Nationwide availability of full fibre broadband could pump an extra £60 billion into the UK economy by 2025 by creating new opportunities for businesses and offering greater flexibility for entrepreneurs and employees, a new report has claimed.
A study conducted on behalf of Openreach by the Centre for Economics and Business Research found the technology could increase productivity by as much as £1,700 per worker.
For instance, it estimated half a million more people could enter the workforce as a result of full fibre connectivity, while at least 400,000 people would be better able to work from home.
In addition to encouraging flexible working and the associated productivity benefits this can bring, it could also give Brits more freedom to live where they choose and help support regional economies.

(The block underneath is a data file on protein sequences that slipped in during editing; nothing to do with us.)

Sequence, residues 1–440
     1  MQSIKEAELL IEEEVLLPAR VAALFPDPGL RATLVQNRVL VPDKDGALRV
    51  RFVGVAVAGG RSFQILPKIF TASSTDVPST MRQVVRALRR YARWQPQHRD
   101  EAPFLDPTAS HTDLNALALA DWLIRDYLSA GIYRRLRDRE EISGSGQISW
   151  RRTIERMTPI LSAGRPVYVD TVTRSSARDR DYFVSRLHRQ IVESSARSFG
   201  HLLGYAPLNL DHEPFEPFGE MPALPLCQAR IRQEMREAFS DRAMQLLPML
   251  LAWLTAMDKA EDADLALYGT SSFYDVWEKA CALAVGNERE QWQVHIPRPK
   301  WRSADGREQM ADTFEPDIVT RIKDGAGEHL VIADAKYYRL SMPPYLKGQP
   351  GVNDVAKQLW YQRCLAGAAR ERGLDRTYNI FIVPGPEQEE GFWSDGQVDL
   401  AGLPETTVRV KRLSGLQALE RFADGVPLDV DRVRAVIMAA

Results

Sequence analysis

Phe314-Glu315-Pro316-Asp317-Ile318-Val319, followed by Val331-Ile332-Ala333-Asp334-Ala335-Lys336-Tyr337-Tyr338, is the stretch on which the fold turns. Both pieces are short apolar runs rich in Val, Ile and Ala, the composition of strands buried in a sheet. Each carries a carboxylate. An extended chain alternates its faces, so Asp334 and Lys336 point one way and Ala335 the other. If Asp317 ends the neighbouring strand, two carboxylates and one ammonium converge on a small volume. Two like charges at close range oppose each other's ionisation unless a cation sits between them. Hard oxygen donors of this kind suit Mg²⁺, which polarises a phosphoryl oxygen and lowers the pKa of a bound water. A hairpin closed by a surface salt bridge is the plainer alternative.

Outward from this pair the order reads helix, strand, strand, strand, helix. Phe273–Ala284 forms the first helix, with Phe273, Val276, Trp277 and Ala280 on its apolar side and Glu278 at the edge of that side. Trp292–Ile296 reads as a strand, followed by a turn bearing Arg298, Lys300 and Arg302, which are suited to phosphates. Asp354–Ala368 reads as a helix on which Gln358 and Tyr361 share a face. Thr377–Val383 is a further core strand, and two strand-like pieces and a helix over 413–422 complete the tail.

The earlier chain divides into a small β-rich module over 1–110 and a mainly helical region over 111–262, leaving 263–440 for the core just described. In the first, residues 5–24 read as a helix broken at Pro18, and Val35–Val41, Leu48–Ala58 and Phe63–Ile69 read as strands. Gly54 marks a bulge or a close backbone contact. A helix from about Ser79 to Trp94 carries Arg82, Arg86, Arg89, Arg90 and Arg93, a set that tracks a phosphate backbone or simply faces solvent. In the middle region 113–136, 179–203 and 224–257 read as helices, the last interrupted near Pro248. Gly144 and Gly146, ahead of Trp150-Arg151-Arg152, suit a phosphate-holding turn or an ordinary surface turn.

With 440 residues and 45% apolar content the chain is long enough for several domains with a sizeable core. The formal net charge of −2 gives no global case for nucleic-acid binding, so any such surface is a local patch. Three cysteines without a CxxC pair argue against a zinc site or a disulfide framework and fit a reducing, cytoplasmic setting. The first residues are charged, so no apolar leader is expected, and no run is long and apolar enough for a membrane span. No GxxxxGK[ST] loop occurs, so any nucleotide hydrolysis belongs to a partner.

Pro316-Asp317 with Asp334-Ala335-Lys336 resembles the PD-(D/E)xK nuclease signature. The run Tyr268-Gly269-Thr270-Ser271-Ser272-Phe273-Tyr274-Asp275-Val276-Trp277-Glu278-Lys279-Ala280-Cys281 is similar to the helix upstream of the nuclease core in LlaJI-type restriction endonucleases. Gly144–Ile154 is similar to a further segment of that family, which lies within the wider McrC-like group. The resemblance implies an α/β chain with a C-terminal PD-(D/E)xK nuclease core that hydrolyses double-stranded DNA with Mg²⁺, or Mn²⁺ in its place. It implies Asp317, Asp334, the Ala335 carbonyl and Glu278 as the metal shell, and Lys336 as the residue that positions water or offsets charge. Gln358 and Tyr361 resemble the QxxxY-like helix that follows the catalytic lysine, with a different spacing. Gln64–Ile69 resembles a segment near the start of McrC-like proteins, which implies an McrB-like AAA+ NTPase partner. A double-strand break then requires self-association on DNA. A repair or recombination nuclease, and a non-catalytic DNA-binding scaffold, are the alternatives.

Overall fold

Indeed, the research suggested nationwide availability of full fibre could free up as many as 270,000 people to move away from the cities to more rural areas, stimulating growth in these locations.
There could also be environmental benefits, as up to 300 million commuting trips could be saved each year, resulting in three billion fewer kilometres being travelled by car.
Clive Selley, chief executive of Openreach, said the deployment of full fibre can “turbocharge” the UK’s economy post-Brexit, but he warned the targets for 2025 are highly ambitious and can only be achieved with a combination of additional financial investment and a more relaxed regulatory environment.
Openreach stated that currently, a combination of red tape and “punitive” business rates on fibre infrastructure are undermining the case for investment, meaning the rollout is not progressing as fast as it should.
Commenting on the report, Mike Spicer, director of policy at the British Chambers of Commerce, said businesses are saying there is “so much more they could do” with improved internet connections, from supporting flexible and agile working to providing new services to consumers.
He added: “We strongly support initiatives to speed up the rollout of full fibre to the premises to position Britain in the premier league of digital-ready countries.”